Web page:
Warning: this blog and podcast contains references to suicide and may be distressing.
In this podcast (episode #279) and blog, I speak with Jason Reid, founder of the Choose Life foundation and creator of Tell My Story, about his own experience as a grieving father, how to get help if you or someone you know is feeling suicidal, how to recognize the signs if someone in your life is struggling, what we can do to help our loved ones who are going through a difficult time, and more.
Jason started the Choose Life foundation, whose mission is to end teen suicide by 2030, after his son Ryan committed suicide at age 14. No one in his family recognized the signs—they didn’t know that Ryan was struggling and didn’t think to ask if he needed help mentally. He was the class clown, he had a good home, he had friends, he had a loving family… he seemed “okay”, even though he did have some physical health issues.
It never occurred to Jason to check in on his son’s mental health on a regular basis. As he notes, “When your child is physically unwell, we all take ownership of that and make sure they get the help and support the need. So why don’t we have the same attitude when it comes to their mental health?” The way we parent and show up for our children physically AND mentally is so incredibly important. We should never be afraid to ask our children how they are doing or what they are feeling. Everything may seem “normal” on the surface, but they may be struggling inside.
We need to normalize speaking to our kids about their mental health, just like we talk to them about their physical health. When our kids think that everything is always great with us, or when we try to constantly shield our children from our own pain, they are more likely to think that something is wrong with them when they are struggling, or that they are doing something wrong. When it comes to parenting, vulnerability is key.
Of course, as parents, we want to protect our children. We don’t want anything to happen to them or to cause them pain, and, often, we don’t want to relive or share our own traumas. But talking to our children about our struggles is just what we need to do. If we give them the impression that things are always perfect or good with us, then when our kids feel bad or are struggling, they are more likely to think that they are screw ups who can’t get anything right. Our children need to know it is okay to feel depressed, anxious or sad—that it is okay to see what Jason calls “grey clouds” when, for everyone else, the sun is shining.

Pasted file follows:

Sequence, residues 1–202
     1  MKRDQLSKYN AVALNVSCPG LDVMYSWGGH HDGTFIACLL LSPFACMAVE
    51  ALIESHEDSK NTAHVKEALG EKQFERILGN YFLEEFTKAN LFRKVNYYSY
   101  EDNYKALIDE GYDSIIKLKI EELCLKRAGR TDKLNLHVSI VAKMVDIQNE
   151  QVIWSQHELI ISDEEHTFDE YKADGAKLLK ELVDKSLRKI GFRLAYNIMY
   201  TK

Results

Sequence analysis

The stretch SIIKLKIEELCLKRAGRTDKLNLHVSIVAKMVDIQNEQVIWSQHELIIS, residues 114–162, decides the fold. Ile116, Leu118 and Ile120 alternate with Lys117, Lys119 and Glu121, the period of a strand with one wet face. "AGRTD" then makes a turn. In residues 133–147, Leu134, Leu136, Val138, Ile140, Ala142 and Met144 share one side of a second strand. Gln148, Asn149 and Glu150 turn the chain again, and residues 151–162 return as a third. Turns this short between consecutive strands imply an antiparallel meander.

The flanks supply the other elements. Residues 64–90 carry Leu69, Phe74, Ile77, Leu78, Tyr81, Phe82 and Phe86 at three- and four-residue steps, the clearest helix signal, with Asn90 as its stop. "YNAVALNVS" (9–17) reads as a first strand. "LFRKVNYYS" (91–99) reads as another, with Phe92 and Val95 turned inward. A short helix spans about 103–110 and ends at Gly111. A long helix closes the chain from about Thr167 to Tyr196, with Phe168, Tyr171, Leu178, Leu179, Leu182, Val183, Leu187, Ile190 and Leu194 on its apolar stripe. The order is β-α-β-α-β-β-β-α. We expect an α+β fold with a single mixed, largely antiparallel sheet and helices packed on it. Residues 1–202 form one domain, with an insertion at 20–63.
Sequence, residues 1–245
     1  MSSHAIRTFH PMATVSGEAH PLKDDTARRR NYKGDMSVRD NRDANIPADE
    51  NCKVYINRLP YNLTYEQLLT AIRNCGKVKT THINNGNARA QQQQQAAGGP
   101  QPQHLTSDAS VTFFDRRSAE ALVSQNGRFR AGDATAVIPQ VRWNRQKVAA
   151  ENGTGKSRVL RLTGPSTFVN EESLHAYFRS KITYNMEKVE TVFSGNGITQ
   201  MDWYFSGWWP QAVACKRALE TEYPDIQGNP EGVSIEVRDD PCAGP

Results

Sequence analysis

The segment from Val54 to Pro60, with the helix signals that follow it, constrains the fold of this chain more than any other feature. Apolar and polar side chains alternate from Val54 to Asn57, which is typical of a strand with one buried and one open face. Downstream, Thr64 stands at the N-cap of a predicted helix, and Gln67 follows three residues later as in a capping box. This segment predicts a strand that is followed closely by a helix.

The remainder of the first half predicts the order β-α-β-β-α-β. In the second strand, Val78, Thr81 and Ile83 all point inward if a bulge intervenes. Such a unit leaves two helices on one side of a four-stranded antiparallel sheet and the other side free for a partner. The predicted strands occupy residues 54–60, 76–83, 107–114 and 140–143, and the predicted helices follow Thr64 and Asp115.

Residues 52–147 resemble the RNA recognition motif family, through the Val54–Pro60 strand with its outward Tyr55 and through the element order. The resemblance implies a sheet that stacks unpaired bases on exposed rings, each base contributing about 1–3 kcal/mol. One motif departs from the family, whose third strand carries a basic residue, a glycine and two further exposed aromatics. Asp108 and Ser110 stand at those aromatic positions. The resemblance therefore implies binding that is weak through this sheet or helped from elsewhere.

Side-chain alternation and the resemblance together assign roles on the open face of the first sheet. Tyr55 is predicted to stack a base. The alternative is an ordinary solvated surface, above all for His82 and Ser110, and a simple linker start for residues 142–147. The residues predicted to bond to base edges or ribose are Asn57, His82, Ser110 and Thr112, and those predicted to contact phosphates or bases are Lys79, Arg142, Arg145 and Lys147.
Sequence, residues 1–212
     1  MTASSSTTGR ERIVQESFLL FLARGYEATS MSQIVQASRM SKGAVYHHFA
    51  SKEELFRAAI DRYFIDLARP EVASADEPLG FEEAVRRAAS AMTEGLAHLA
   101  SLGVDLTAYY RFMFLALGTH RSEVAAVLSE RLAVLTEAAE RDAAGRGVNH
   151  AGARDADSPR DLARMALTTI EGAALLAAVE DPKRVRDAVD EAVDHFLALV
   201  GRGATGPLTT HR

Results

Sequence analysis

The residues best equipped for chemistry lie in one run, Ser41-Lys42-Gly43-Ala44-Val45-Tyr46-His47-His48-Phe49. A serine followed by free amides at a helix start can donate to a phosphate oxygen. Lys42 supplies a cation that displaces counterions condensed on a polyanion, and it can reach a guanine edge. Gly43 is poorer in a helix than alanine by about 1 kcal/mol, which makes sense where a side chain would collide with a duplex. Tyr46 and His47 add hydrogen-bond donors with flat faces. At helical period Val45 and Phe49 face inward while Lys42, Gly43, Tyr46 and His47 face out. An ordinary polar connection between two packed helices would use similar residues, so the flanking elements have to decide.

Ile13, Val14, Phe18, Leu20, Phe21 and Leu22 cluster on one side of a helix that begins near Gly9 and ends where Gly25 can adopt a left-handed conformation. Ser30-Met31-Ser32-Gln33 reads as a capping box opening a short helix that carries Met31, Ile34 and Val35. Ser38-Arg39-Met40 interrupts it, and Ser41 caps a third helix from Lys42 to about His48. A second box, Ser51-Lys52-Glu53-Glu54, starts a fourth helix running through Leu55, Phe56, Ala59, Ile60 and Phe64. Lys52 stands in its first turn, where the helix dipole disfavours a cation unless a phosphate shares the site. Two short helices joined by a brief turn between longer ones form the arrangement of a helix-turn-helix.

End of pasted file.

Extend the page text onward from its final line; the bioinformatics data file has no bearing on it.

We also need to be careful of minimizing our children’s struggles. If our child tries to talk to us about what they are going through and we go into “fix it” mode or say something like “just be grateful… there are so many people out there that have less than you or are worse off,” then they may keep their mental struggles bottled up, which will increase their risk for mental ill-health and suicide.
True change starts with us: how we show up for our kids. If we are waiting for someone else to save our child, we will be too late. This includes:
- Respecting their space, even if you do “pay” for the home. Let their room be their room—don’t just barge into or take over their sacred space. It’s all they have.
- Checking in with them mentally on a regular basis. Take ownership of your child’s mental wellbeing like you care for their physical wellbeing.
- Sharing your own feelings (in an appropriate way and at the right time), so that your children know it is okay to feel sad, depressed or anxious. Normalize mental health struggles!
- Creating a safe space in your home so that your child knows that, when they are ready, they can talk to you. Be a good listener—let them know they can come to you without judgement. And when they want to talk, just let them talk. Cancel that work meeting, reschedule what needs to be rescheduled; just be there for them.
- Talking about the uncomfortable. If your child is in a very bad emotional state, it is important to ask them if they have thought about hurting themselves, and, if yes, do they have a plan? This will help you assess the urgency of the situation and take appropriate action (treatments, talk therapy, hospitalization if necessary and so on). Don’t just avoid questions because they make you uncomfortable or because you fear what they may tell you.
Jason talks about these tips in detail in his film, Tell My Story, which is based on his son Ryan’s own struggles. In this amazing film, he shares his story, the warning signs that were missed, and ways we can all help to reverse the isolation and disconnectedness that is killing our youth.
2:02 Jason’s story and why he started the Choose Life foundation
3:50 Why we need to constantly ask our children how they are doing mentally, not just physically
5:30 How the COVID pandemic has changed the mental health landscape
6:18 Why how we show up as parents matters
7:40 Why we should learn how to talk to our children about our own struggles and vulnerabilities, not just shield them from what we are going through
11:45 The importance of letting your child know it is okay to be depressed or struggle mentally
15:50 How our experiences are built into the brain and affect us mentally and physically
24:30 How to help your child if they are struggling
37:55 The healing power of community
39:50 Social media, technology and teen mental health
52:00 Why you need to watch Jason’s incredible film Tell My Story
This podcast and blog is for educational purposes only and is not intended as medical advice. We always encourage each person to make the decision that seems best for their situation with the guidance of a medical professional.
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